This is my pool, here no one can beat me” said Kristof Milak last Tuesday evening after the heats of the 200m fly in Budapest, Hungary, as he threw in a 1:52.50 swim, leaving a handful of jaws dropped in the arena and around the world as well. 

Now he didn’t leave a chance for his local rivals. His 1:52.50 was a stunner, but he saved the best to the next morning as the meet was held in ‘Tokyo-mood’, heats in the evening, finals in the morning. Despite that, all swimmers opted to chase Olympic standards in the evening (in Hungary, selection is based on times achieved), following their usual biorhythm. All but one, to be precise.

Image Source: Istvan Derencsenyi

Since January, Milak not only restarted his serious preparations but switched his training regime by putting the focus on the morning sessions – and that already paid off last week.

Though the event was held behind closed doors of course, sanitary measures required the participating teams and athletes taking up pre-determined positions at the giant tribunes of the Duna Arena to enable social distancing. When Milak stopped the clock at 1:51.40 on Wednesday morning – some 10 minutes after he won the 50m free... –, the stands erupted again.

Of course it wasn’t the same as in 2017, when the roars of the 10.000 fans almost brought the house down a couple of times, still, the noise was enormous as fellow athletes and coaches all applauded and yelled in excitement as they saw Milak set the second best-ever time in history (only his 2019 WR is better than that), eclipsing Michael Phelps’ legendary 1:51.51 WR from Rome 2009 too. In fact, with these two swims, Milak now holds four of the all-time Top 10 times, just like Phelps, however, the Greatest Olympian of All Time swam three of his four top times in shiny suits in his pet event while Milak, still only 21, clocked all four in textile.

Image Source: Istvan Derencsenyi

Smiles were returning to Milak’s face during these days though upon learning that he was inside his own WR splits until 150m, he couldn’t hold back to say: “So the last 50m was a piece of sh...t. Well, this is a clear sign that I’m still undertrained.” 

All butterfly swimmers pray for a sub 1:53 swim at the Olympics – compare to Milak who thinks he is not well prepared while clocking 1:51.4... Upon running into his coach Attila Selmeci on the corridors in the backstage, he said: “Well, that was good... A good sign in an Olympic year... Though it was visible that he wasn’t at his best in the finish.” Well, well...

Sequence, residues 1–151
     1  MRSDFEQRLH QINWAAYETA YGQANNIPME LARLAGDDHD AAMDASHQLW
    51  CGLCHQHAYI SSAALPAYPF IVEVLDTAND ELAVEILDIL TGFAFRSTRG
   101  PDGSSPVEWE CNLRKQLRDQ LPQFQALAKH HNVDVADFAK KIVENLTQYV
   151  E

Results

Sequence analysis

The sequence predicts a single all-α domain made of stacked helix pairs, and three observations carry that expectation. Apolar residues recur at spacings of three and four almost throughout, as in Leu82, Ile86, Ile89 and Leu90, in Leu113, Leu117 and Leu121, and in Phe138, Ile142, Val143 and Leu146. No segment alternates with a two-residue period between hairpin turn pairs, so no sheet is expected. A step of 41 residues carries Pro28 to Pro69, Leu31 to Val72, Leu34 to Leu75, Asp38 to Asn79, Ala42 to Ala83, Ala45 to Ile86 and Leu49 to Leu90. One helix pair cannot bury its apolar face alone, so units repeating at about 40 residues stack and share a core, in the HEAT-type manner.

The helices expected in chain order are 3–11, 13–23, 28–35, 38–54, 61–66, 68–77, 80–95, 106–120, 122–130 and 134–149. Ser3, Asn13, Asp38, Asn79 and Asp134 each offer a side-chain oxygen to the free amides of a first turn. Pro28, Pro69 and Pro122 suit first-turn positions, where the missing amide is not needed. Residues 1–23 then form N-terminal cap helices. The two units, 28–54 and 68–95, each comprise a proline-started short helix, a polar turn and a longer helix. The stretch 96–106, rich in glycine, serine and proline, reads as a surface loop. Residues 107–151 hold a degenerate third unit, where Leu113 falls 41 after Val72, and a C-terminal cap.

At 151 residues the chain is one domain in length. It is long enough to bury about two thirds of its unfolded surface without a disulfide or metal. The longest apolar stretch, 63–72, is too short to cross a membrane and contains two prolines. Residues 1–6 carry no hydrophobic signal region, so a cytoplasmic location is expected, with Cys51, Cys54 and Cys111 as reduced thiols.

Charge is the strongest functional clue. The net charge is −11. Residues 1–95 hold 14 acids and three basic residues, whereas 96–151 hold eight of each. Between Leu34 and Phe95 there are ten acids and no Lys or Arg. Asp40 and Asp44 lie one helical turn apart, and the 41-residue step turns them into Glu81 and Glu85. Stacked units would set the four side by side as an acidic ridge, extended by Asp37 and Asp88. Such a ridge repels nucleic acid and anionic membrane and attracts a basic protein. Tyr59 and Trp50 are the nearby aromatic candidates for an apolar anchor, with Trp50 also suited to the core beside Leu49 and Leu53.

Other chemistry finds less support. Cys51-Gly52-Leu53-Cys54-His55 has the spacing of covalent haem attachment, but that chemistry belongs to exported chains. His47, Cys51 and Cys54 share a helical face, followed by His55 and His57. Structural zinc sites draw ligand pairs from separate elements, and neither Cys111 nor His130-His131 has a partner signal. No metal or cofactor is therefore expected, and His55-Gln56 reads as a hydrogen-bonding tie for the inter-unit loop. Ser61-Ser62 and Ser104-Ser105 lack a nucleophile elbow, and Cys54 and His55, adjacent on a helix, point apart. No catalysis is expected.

If this 200m fly wasn’t enough to amaze people, Milak completed a sweep in the free events from 50 to 400m, which included setting a 48.00sec new national record in the 100m (again in the morning!), ahead of home sprinter king Nandor Nemeth who owned the previous record from Gwangju where he finished 6th at the Worlds... Though Milak was not entirely happy. A telling Q&A from the mixed zone:

You look a bit unhappy.
I am! I wanted to be the first Hungarian making the 100m free under 48sec. I wanted a time beginning with 47.
You can still achieve that.
Sure, but not today.

And of course, his March marching had a very fitting end, with the 100m fly scheduled to the last day. In the final he speeded up once more to hit the wall in 50.47 – another new national record. In fact, he bettered that particular time he had set at the 2017 Worlds which was the first milestone of his already astonishing career.

I chased that time for a while but could swim those embarrassing 50.8s, 50.9s, I could not even make the podium with those at the Europeans and at the Worlds. It was high time to better that record and it had to happen in this pool. My pool
By Milak


Clocking 50.47 is alone a huge effort – would have earned him silver behind Caeleb Dressel in Gwangju –, but you may consider that it came at the end of five action-packed days which included those two 200m fly bursts, winning swims in those four free events (plus the heats in the previous days), plus a silver in the 50m fly. And all after just three months of harder trainings, as Milak put it, “now start my serious preparations for the Olympics.”

Stay tune for a flash retrospection about his best swimming moments...